When shoppers think of Biltmore Fashion Park, they most likely think of luxury department stores, such as the state’s only Saks Fifth Avenue, or high-end national chains, such as Williams Sonoma.
But the center’s owner has launched an effort to put more focus on small, local retailers and offer customers a unique boutique experience.
Owner Macerich will open the Union at the Biltmore, near 24th Street and Camelback Road, in November. Project managers have worked on the concept — which provides smaller spaces for these businesses — for nearly a year.
Four locally owned independent boutiques — Whoopie Baking Company,Citrine Natural Beauty Bar, Paris Envy and Frances — recently announced they will open locations at the Biltmore.
“We have about 18 (retail) spaces total, and we have 11 of the leases signed and the rest are in negotiation,” said Karen Litton,Biltmore senior property manager. “We’re in really good shape,”
Union will have space for a dozen 200- to 500-square-foot shops. The project also will house six smaller kiosks with one small restaurant and a coffee shop.
The stores will be on the east end of the shopping center between Stingray Sushi and restaurant Season 52.
Litton says local small businesses have responded well to the opportunity to be a part of the project.
“One of Biltmore’s competitive advantages is its mix of national, regional and local retailers, and so we thought, ‘How can we do more of the one-of-a-kind shops?’ and this is what they came up with,” she said.
While Litton said several businesses moving to Union already have stores in Phoenix, many of them likely would not have been able to afford the rent at the Biltmore apart from this project.
“If they’re renting 200 square feet, it’s certainly going to be less than making a commitment to a 10-year lease that is 1,000 to 2,000 square feet or larger. It gives them an opportunity to be in a great location and to start a business or to continue their business,” she said.
The Biltmore has expanded during the economic downturn because the recession did not hit its client base as hard, Litton said.
“Biltmore Fashion Park is strong, and we’ve been one of the original luxury centers for some time, and we have some very strong players here, so even though the economy is challenging right now, we certainly are doing very well in the center,” she said.
Frances owner Georganne Bryant hopes to benefit from the Biltmore name, but mainly wants to reach a customer who wouldn’t usually have wandered into her shop on Central Avenue and Camelback Road. Frances sells gifts and clothing for men, women and children.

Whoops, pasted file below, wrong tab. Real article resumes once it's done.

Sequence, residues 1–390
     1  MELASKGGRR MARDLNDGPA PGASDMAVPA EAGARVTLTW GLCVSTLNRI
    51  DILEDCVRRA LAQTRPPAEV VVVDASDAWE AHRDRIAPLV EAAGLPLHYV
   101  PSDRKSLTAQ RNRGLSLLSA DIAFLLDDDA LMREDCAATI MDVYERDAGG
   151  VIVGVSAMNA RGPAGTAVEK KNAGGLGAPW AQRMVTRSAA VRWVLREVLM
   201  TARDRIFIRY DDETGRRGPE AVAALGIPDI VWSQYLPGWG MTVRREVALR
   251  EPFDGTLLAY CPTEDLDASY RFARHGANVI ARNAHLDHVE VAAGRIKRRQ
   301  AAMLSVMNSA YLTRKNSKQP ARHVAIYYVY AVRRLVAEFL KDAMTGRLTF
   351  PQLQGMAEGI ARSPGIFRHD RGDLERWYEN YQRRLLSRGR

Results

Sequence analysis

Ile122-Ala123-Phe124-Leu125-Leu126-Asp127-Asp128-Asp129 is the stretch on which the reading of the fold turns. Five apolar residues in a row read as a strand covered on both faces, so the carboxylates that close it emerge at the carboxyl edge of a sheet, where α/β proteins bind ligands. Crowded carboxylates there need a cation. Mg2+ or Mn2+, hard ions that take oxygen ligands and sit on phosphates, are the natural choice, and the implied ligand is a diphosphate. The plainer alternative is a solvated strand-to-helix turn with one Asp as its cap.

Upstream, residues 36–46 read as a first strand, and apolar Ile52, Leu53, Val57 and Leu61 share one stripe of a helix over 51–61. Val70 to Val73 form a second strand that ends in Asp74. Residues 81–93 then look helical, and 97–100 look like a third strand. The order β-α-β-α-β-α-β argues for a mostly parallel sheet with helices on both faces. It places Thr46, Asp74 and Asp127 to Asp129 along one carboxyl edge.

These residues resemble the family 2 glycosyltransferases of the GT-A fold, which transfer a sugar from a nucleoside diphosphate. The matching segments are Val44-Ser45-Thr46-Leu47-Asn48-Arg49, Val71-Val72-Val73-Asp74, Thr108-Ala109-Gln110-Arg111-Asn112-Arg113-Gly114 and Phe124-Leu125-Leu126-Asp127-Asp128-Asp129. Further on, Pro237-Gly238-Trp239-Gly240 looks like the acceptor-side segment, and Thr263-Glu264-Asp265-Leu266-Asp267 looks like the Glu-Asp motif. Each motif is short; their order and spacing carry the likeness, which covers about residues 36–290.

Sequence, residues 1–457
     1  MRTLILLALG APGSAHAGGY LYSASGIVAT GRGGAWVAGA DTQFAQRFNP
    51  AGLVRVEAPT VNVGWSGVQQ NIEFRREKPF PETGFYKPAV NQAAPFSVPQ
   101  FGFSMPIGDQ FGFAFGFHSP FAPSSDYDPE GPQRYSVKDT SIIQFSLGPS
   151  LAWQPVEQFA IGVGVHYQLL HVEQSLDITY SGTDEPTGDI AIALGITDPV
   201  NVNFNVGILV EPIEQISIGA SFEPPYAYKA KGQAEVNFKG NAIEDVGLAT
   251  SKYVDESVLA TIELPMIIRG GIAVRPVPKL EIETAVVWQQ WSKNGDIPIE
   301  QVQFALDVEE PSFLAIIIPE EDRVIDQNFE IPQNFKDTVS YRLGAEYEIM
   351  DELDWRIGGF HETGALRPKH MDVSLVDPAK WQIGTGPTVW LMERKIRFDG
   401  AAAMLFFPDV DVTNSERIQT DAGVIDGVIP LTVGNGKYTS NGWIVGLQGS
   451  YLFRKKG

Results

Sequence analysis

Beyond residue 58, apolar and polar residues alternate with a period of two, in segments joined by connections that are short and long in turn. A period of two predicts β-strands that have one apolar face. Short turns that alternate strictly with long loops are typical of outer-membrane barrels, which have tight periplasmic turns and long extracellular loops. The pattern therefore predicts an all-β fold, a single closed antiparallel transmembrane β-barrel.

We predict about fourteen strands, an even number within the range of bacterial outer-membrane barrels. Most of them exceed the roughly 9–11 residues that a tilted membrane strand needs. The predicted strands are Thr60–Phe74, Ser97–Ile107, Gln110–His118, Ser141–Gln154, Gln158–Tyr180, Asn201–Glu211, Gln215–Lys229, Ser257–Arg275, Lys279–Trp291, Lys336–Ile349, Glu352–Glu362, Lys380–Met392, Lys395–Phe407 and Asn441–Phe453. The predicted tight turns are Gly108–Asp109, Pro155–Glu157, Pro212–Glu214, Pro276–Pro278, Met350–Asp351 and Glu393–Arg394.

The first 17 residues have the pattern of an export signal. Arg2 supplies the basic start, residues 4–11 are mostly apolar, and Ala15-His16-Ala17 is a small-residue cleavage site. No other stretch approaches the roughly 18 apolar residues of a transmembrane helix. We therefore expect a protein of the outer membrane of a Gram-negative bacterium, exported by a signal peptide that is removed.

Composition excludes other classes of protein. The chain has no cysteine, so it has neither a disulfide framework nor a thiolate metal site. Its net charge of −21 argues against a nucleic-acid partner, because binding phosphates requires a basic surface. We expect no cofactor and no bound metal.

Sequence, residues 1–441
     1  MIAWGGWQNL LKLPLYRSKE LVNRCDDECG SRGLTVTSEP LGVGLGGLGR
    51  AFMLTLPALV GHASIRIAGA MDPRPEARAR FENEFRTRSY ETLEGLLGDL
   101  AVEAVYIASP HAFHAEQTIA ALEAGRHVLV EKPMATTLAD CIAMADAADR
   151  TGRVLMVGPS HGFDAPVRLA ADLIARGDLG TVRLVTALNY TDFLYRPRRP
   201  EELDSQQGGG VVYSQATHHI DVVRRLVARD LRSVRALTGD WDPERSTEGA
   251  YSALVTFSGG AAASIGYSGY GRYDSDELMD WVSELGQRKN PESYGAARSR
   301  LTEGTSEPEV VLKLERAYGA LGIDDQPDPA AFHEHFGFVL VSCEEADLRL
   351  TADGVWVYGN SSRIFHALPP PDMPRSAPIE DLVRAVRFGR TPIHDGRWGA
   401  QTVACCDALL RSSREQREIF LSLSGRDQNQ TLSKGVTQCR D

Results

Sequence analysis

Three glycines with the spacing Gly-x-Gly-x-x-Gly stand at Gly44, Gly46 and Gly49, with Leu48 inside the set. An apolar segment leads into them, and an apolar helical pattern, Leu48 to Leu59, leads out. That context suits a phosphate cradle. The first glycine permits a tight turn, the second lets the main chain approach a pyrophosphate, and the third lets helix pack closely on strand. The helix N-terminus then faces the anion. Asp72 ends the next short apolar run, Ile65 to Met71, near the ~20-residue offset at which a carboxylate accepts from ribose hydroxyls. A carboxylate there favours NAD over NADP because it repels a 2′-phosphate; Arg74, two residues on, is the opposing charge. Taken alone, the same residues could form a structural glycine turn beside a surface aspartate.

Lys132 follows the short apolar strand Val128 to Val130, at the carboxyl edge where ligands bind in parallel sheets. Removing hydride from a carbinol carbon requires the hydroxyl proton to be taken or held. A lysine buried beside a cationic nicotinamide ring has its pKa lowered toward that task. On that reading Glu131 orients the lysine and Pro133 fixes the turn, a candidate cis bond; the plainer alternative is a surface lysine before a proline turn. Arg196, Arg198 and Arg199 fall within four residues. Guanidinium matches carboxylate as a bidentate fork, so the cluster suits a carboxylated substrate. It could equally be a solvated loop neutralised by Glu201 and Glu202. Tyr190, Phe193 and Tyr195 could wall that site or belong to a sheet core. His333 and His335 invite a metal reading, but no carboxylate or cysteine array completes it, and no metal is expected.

“I was looking to expand, and I really love Phoenix, and they approached me with the project and it just seemed like a perfect fit,” she said. “It’s just kind of a different traffic area and a different location.”
She plans to use her Union location to draw customers to her larger shop, which will carry items not found at the Biltmore location.
“It’ll be like, ‘If you like this (the 500-square-feet shop), you’ll love this (the 2,000-square-feet shop),” she said.
Another attractive part of the move: The Union entrepreneurs will mix with larger, more well-known retailers.
“That will be great energy,” she said. “… Being in a mall like the Biltmore that is centrally located and has a lot of traffic, that’s really exciting and will bring more exposure for our businesses.”
Arizona’s small-business community leaders said the Union project could encourage other malls to increase their relationships with small businesses.
“I think it’s just an absolute fantastic idea to carve out a large space for several smaller businesses,” said Kimber Lanning, executive director of Local First Arizona, a Phoenix-based nonprofit representing small businesses.
“We’re starting to see these types of projects in adaptive re-use situations, meaning what are we going to do when big boxes fail and how are we going to fill them?”
Because Union isn’t filling an open space, and the Biltmore is a desirable location, the project does not have the sense of desperation to find tenants that some other projects seem to, she said.
“This is the first time I’ve seen (adaptive re-use) in a vibrant setting where there are already tons of businesses and customers introducing them to independent-concept stores they can’t see anywhere else,” said Lanning, who was a consultant for the project.
Valley residents will respond well to Union as long as developers listen to what the buyers want, Lanning said.
“I think all the national polls are showing that more and more people are thinking about shopping locally,” she said.
“I think people are looking for a unique experience. There’s a lot of people out there that are tired of the same old, same old.”